~~~~~~~~~~~~~~~~~~~~~~~~~~~~~~
    Great Shepard:

    Worshipped by:

    Essos: Lhazareens

    (A statue of this god was torn down by the Dothraki in the village they were pillaging; Dany claimed the women who were being raped.)

    Power demonstration: Khal Drogo avoided death by being turned into a vegetative state by Maegi Mirri Maz Duur and through the sacrifice of Daenerys' child and Drogo's horse.

    ~~~~~~~~~~~~~~~~~~~~~~~~~~~~~~
    Great Stallion:

    Worshipped by:

    Essos: Dothraki

    Power demonstration: None has been provided yet.

    ~~~~~~~~~~~~~~~~~~~~~~~~~~~~~~
    Religion of the White Walkers:

    Worshipped by:
    The White Walkers and humans like Craster who sacrifice their sons as tribute to further their race and religion.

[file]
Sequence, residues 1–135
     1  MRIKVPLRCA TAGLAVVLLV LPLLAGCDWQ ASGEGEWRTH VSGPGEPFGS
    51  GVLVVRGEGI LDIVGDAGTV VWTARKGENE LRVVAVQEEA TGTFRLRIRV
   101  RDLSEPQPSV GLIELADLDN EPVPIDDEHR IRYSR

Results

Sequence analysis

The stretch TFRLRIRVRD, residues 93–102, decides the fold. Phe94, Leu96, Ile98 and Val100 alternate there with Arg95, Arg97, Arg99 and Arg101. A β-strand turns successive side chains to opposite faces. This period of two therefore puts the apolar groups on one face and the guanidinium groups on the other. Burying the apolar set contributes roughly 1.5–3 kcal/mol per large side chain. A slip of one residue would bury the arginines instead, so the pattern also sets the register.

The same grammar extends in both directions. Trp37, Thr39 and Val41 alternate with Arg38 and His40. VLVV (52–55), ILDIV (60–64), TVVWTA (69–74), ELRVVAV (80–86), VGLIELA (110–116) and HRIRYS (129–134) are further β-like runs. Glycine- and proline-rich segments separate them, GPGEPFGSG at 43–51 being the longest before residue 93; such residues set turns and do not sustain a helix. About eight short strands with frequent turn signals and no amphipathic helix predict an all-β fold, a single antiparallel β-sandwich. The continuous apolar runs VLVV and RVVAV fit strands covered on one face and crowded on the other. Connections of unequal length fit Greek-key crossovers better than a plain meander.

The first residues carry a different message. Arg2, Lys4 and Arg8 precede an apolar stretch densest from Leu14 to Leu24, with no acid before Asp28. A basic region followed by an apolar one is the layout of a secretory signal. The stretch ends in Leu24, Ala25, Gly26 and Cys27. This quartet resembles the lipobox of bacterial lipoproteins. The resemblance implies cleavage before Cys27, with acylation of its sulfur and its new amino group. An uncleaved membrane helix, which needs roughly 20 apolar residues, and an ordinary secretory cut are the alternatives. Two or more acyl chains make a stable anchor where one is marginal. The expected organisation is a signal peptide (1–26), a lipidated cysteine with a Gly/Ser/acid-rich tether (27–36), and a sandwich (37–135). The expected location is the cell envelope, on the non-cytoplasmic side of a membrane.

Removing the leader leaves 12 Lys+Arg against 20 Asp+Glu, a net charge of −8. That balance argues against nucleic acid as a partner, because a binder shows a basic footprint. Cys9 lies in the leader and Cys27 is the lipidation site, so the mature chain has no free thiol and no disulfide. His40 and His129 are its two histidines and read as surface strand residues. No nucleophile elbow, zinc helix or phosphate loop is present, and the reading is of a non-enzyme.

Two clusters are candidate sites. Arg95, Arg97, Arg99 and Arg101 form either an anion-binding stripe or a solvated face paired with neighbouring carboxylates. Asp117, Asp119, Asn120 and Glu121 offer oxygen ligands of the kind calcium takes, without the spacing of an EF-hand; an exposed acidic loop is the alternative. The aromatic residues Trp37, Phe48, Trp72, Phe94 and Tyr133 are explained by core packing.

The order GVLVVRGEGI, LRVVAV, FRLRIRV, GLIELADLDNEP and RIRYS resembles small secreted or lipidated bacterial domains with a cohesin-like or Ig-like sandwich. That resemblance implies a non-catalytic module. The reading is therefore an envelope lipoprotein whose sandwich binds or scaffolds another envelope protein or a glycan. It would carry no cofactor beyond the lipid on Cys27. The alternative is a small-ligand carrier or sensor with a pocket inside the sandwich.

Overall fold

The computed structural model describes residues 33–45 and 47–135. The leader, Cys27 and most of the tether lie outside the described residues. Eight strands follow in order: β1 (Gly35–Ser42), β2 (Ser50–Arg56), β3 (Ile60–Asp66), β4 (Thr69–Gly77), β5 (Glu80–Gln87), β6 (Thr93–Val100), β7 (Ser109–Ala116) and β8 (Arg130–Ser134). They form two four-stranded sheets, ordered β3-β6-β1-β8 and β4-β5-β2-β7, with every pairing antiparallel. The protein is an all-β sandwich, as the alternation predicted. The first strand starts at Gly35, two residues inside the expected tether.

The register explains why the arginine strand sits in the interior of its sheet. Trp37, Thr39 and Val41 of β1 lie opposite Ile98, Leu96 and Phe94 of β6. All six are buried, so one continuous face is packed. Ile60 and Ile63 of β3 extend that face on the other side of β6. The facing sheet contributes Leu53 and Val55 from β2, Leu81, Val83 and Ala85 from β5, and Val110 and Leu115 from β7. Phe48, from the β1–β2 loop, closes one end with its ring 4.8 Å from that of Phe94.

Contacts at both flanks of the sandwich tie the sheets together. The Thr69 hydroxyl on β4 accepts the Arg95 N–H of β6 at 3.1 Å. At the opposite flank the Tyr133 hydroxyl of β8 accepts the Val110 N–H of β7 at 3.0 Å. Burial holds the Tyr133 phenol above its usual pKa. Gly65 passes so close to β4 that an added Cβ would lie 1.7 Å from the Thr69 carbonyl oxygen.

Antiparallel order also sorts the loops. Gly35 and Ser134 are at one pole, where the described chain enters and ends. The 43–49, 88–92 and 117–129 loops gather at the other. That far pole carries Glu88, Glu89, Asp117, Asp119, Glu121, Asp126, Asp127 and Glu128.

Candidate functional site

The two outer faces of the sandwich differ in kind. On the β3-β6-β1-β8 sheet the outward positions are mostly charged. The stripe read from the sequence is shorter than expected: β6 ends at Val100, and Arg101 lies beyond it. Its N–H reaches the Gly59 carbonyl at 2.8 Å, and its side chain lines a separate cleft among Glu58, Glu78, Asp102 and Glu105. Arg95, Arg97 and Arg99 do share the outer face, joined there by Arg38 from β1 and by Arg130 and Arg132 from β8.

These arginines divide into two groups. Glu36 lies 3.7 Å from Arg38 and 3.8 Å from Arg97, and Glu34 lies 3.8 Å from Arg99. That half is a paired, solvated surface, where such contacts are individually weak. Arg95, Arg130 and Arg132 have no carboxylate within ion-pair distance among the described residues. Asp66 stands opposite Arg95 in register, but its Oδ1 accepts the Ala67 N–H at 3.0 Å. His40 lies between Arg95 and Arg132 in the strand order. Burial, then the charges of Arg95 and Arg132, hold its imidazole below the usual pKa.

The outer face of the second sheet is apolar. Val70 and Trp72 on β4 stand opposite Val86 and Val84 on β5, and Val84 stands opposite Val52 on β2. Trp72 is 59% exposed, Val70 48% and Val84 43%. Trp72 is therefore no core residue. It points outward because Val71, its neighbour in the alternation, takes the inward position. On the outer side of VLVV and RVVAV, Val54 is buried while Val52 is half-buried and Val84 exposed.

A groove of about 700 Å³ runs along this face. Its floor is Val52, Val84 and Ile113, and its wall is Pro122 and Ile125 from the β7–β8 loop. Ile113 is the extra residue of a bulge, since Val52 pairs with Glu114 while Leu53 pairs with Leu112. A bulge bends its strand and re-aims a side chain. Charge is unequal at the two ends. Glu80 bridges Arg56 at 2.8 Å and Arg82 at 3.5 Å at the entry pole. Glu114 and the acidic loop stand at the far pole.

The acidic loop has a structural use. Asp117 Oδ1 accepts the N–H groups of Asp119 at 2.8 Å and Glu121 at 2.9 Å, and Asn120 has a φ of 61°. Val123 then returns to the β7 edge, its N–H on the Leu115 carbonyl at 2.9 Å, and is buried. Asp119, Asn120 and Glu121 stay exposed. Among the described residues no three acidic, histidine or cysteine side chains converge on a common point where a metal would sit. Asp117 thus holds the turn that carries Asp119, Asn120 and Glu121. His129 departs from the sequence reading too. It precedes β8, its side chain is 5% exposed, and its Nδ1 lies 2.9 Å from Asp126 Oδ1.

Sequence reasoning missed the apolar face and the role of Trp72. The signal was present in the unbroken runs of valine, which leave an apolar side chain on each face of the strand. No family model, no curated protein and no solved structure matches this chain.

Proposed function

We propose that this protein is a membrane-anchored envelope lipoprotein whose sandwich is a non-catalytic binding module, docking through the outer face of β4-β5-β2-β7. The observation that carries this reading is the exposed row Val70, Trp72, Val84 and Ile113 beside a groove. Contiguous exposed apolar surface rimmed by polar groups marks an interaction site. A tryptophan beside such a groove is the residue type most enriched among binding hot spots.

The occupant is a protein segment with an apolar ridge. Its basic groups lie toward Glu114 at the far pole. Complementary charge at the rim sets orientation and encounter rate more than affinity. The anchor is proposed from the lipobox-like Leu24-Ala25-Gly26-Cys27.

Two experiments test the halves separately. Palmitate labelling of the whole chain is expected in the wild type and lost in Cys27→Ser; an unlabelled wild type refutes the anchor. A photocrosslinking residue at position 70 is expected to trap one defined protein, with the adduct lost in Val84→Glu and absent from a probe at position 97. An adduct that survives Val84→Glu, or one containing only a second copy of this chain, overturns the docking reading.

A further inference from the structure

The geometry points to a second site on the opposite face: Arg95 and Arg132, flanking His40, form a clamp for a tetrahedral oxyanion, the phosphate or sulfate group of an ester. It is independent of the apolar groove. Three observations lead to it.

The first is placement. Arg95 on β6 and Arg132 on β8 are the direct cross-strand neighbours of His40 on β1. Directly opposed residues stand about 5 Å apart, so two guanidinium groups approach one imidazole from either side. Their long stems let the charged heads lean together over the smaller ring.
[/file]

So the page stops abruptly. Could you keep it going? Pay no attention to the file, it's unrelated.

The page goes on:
Lands of Forever Winter

    Power demonstration: Converting human babies into White Walkers.

    ~~~~~~~~~~~~~~~~~~~~~~~~~~~~~~
    Faith of the Seven (Sparrow version)

    Beliefs: The believe in strict morality, piety and selflessness towards those that follow the religion of the Faith of The Seven.

    Worshipped by:

    A highly religious cadre of the Faith of the Seven called Sparrows

    I am guessing the High Sparrow is a St. Francis of Assisi type of character.

    ~~~~~~~~~~~~~~~~~~~~~~~~~~~~~~
    Faceless God

    Beliefs:

    Essential to this religion is losing one's personal identity because everyone is part of the greater one true god.

    Since everyone can behave differently then all behavior or actions performed selflessly have the same weight; killing and saving someone can be done with the same purpose to serve the one true god or to do favor for another.

    This I believe is the black and white nature (the balance) of the faceless men.